Constant and variables 

A meeting or interview can be designed in a way that both parties can get the most out of it. To achieve that, we have to think beyond the usual, beyond the Q/A, and embrace the variables.

What are the different ways to transform conservation into something more?

How can I get to know more instead of just talking to you?

How can I make someone’s brain stimulate and shake it to make them think differently and give information in a different form?

These questions ignited the idea of using the drawing exercises as the main mode of research, this summer for the In-house Design research project ‘Indigenous autonomy’ based on the Navajo tribal community, led by Artist Hans Bauhmann and associated with ONWARD organization.

There is a different forms of an interview but one of the most traditional ways is the one-on-one conversation where one person asks questions and the other one replies. The interviewer is in the search of information and the interviewee is in an abundance of hidden knowledge. The whole process has solely a few constants and many variables. The constants are the intentions to ask and provide, the time frame, and the topic of discussion.

The variables are usually considered as something to be improvised upon, like, the interviewee arrived 2 hours late, the interviewer lost the documents, the mic doesn’t work, your better half is in an emergency, there is a child in the room, apocalypse, a unicorn interrupted the meeting, or a missed opportunity to allow the person you are talking to share more than just words.

In other words, a drawing exercise is a form of qualitative analysis where a set of questions are asked of the participant and he/she is expected to draw the answers sequentially, in any form they perceive, on a large sheet of paper. The motive of this activity is to understand the participant’s way of seeing(perceiving) the very reality they exist in. Here, the quality of the drawing and the correctness of the answer are not to be focused upon. The most important part is to figure out how the sequential combination of questions will lead the person to share a memorable incident or a feeling or an experience that can either be situated in their past or their future. In this journey mapping exercise, participants shared how their Navajo identity connects with the place they are currently living in, which in this case, in Los Angeles, California.

Usually, when we talk about drawing, beautiful images come to our mind but here, as also mentioned in the previous paragraph, the drawing exercise has nothing to do with creating beautiful artwork. It is about allowing a person to think in shapes, figures, lines, dots, etc., instead of verbal words. This allows for cognition. The mind forces itself to create a new chain of thoughts, build up new connections, access hidden information, and transform it to communicate in a different medium altogether. That’s where the real beauty lies. To allow this exercise to reach its full potential, the instructor or the interviewer needs to take care of a few things.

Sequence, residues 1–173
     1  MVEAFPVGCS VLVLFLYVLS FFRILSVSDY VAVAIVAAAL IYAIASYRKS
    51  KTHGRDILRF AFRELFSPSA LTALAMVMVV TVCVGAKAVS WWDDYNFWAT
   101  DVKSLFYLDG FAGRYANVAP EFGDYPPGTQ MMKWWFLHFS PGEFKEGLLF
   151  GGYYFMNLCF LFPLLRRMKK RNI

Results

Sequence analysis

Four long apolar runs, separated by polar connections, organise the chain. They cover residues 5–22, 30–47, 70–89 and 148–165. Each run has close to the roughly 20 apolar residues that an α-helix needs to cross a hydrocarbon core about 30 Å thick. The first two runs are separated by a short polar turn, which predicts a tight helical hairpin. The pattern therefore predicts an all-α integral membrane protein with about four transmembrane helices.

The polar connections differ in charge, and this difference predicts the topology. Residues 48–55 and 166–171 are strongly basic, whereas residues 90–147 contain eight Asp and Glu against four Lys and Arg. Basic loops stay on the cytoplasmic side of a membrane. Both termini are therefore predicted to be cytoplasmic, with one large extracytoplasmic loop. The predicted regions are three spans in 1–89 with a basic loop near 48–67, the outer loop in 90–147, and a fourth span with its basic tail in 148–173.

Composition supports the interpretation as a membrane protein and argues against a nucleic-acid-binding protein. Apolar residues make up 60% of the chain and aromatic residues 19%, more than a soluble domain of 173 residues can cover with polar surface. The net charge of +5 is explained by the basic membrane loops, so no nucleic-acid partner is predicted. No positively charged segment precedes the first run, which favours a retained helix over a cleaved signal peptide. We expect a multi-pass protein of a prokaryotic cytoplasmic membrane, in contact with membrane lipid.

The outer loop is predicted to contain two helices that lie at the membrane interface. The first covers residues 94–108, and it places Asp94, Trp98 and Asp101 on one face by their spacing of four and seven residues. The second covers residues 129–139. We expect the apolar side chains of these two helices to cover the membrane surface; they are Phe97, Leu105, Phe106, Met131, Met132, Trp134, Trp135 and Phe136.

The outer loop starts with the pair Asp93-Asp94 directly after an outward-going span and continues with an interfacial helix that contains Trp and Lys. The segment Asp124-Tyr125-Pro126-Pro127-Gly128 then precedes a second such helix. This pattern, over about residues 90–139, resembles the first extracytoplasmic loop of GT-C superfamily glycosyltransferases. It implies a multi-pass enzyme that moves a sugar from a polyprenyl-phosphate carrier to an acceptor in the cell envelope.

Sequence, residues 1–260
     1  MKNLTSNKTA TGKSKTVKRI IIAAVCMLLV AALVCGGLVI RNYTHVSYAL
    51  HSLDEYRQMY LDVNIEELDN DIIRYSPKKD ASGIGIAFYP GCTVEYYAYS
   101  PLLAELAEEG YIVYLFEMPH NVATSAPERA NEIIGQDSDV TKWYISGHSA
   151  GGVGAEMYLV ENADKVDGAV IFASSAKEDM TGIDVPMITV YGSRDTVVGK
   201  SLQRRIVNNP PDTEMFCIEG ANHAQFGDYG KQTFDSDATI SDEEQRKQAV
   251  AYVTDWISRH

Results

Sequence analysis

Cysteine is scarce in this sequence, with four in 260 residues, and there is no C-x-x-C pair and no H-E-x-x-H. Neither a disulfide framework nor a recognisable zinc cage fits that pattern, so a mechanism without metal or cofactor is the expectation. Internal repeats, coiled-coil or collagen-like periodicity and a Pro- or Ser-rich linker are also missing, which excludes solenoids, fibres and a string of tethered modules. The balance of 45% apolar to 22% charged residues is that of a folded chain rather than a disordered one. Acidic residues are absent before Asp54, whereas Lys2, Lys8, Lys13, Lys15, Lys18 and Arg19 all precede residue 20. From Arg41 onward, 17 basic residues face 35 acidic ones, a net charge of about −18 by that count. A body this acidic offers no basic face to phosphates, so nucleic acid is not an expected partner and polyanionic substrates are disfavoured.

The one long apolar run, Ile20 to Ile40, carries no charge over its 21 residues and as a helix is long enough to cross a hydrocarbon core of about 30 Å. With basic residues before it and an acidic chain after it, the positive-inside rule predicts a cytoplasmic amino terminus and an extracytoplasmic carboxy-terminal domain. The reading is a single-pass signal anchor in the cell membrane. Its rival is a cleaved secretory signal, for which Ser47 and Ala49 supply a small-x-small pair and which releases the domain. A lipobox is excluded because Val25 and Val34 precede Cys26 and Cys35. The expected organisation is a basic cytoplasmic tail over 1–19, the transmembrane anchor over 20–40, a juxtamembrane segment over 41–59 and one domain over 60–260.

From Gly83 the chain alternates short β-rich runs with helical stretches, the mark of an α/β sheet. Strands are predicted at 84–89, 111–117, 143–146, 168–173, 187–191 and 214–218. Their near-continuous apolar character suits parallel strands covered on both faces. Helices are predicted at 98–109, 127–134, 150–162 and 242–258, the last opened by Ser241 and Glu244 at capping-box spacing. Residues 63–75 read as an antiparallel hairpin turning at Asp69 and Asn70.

One has to understand that the person they are talking to is a human who either has never drawn or doesn’t like to draw or might be an expert artist but most of them do not draw daily. So, how to make someone comfortable with the idea of drawing in a not-so-private setting? The answer is a little bit of humor and a pregame.

After finalizing questions for the main exercise, we thought of a warm-up exercise to be performed beforehand in a group. The intention is to make them comfortable with holding a pencil, drawing answers to questions, and feeling confident about their drawings. It is crucial to perform this part in a group. The warm-up will give them an idea of what the main exercise will be like and also, will let them see that every other participant is struggling the same way that they are. This removes the anxiety, nervousness, doubts, and shyness about one’s way of drawing which is very important so that the person can perform the main exercise without worrying about any of the external factors.

This methodology has been performed before as a form of qualitative research but for this project, it has been transformed into a visual medium through which people can share their stories. It started with the idea of changing the form of the interview but developed into understanding the worldview/perception of a human being with cultural background. The people who took part in this activity belonged to the Navajo tribal community. Through the form of drawings, they shared how Los Angeles relates to them, what is their relationship to it, how they are still intact with their value system, living in a metro city, and how they perceive the world and other related aspects.